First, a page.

To Unknown Correspondent, 12 January 1849



MS Swann Galleries, New York.

Devonshire Terrace | Twelfth January 1849.

Dear Mr. [ ]1

I am much obliged to you for your kind information about the Cenci.2 I will not trouble you to get the account transcribed (though you have so stimulated my curiosity that I must go and read it myself)3 for I merely wanted the narrative to send to a lady-borrower,4 and the account prefixed to Shelley’s poem5 will answer her purpose well enough.

Faithfully Yours


  • 1. The name, of some 8 or 10 characters, has been cut away; clearly the Unknown Correspondent of 5 Jan (Pilgrim Letters 5, p. 469); that letter is similarly mutilated.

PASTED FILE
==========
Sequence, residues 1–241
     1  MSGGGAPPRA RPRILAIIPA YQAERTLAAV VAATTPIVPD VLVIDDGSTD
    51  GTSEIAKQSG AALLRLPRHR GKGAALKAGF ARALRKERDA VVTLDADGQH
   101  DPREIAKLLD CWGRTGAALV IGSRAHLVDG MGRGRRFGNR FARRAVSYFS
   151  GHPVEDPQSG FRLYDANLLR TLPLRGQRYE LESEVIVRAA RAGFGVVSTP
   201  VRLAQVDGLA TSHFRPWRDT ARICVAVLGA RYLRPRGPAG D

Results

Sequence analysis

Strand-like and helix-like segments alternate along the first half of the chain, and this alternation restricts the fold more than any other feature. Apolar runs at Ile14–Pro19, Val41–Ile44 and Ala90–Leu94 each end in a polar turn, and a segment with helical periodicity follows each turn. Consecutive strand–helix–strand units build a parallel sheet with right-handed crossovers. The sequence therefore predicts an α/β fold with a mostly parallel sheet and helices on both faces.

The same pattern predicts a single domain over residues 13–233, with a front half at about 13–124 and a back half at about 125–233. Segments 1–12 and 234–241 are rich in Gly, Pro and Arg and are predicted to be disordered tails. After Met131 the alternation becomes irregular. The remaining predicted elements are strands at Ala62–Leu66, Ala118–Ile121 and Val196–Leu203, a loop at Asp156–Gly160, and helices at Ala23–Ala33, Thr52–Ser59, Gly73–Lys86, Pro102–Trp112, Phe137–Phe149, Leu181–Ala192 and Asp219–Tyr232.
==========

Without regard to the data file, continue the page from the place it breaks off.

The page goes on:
• 2. A Roman family, notorious for the supposed incestuous rape by Count Cenci of his daughter Beatrice, his murder at her instigation, and the execution of Beatrice, her step-mother, and brother in 1599. A portrait supposedly of Beatrice by Guido Reni (formerly in the Palazzo Colonna; now in the Palazzo Barberini) was much admired in the nineteenth century: CD describes it in Pictures from Italy (“Rome”) and it is an obsessive object in Nathaniel Hawthorne’s The Marble Faun, 1860.
  • 3. This “account” not identified; presumably in a printed source, possibly a magazine. James Whittle, “Beatrice Cenci, the Parricide”, Bentley’s Miscellany, XXII (1847), 105-18, is possible. George Bowyer, A Dissertation on the Statutes of the Cities of Italy, 1838, appended a translation of the “Pleading of Prospero Farinacio in defence of Beatrice Cenci and Her Relatives”.
  • 4. To whom CD had promised to lend an account: see To Unknown Correspondent, 5 Jan.
  • 5. Shelley’s poetic drama, The Cenci (1819); Shelley claimed to have come to the subject through a manuscript shown him in 1818.